From the early days, Elton and others defined the species pool as the group of species that can disperse to and colonize a community. However, the species pool may be dynamic, and they note “To date, relatively little attention has been focused on the feedback that occurs between local community species composition, biotic interactions, and the diversification processes that generate regional species pools.”

This paper does an excellent job of explaining how macroevolutionary processes can alter a regional species pool. The most obvious example is the process of adaptive radiation in island-like systems, where competition for resources drives ecological divergence and speciation. Darwin’s finches, Anolis lizards, and cichlid fishes provide well-known examples of this rapid expansion of the species pool through inter-specific interactions. On mainland systems, speciation may be more likely to occur in allopatry, and the rate limiting step for range expansion (leading to secondary sympatry and only then increasing a species pool) is often interspecific interactions. One study found that secondary sympatry took 7my on average, though speciation alone took only 3my. So the species pool is the outcome of constant feedbacks between species interactions and evolutionary processes.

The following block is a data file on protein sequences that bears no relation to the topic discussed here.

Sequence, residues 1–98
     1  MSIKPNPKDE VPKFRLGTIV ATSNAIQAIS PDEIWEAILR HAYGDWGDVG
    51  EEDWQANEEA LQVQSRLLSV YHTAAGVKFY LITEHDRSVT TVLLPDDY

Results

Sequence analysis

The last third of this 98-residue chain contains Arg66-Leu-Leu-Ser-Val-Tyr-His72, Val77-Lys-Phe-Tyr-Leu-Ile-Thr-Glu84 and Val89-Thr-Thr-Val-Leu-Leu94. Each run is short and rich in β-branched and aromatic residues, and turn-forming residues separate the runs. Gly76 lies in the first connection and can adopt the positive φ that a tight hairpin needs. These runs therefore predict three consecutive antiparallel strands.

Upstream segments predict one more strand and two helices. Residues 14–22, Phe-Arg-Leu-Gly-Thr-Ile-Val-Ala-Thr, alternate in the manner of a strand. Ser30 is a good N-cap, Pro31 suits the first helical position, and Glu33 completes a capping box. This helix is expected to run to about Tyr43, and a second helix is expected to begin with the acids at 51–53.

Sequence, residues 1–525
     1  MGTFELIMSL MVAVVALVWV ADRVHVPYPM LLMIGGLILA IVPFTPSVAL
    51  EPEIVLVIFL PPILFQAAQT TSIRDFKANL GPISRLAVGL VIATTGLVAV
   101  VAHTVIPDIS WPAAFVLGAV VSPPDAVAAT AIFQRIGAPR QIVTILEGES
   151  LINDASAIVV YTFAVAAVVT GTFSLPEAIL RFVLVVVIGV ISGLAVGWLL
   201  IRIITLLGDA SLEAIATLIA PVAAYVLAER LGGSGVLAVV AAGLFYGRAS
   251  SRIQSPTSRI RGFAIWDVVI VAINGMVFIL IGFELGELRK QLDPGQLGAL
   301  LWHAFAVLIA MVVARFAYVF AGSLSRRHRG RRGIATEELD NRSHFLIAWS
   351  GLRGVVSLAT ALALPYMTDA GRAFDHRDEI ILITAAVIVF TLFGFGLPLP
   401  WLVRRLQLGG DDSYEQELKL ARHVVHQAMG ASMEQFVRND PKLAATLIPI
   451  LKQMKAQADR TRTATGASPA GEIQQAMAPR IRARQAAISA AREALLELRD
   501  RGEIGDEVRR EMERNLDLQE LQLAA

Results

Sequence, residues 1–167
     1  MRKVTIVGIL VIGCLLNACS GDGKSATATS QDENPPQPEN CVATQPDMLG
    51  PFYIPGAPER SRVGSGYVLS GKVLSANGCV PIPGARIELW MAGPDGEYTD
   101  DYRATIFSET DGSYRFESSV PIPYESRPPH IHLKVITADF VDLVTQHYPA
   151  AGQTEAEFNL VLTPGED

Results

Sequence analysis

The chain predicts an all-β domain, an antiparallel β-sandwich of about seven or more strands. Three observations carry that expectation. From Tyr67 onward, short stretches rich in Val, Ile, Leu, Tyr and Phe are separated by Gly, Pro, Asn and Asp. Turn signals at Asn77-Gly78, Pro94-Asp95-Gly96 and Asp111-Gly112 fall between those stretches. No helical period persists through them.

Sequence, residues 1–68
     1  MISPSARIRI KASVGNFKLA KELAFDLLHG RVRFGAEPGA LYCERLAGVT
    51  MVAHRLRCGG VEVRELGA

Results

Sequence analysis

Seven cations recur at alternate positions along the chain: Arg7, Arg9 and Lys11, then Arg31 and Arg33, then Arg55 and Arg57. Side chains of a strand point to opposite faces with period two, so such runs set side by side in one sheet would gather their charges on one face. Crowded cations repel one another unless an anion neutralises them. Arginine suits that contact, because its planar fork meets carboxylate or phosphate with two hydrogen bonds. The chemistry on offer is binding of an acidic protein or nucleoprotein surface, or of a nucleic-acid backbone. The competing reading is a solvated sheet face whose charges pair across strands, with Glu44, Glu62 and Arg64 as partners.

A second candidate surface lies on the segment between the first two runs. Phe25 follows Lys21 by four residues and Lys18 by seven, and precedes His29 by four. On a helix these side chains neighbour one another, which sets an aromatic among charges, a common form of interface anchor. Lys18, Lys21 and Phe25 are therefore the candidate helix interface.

From Mittlebach & Schemske. Figure illustrating the feedbacks between evolution and ecological interactions, in producing the species pool.
Both papers provide useful examples of how such incorporating evolution into community ecology may prove useful. As a simple example, Mittlebach and Schemske point out that evolution can greatly alter the utility of Island Biogeography Theory: given enough time, speciation events including adaptive radiations, greatly increase the (non-mainland) species pool and would strongly alter predictions of diversity, especially for distant islands.